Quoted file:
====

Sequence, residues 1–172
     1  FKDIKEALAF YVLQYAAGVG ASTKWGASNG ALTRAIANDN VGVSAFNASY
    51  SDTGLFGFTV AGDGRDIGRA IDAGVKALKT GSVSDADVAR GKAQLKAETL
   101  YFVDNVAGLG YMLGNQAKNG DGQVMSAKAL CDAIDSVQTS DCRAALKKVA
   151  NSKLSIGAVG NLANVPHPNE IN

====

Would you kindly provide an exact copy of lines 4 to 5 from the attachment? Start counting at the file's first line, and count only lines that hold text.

   101  YFVDNVAGLG YMLGNQAKNG DGQVMSAKAL CDAIDSVQTS DCRAALKKVA
   151  NSKLSIGAVG NLANVPHPNE IN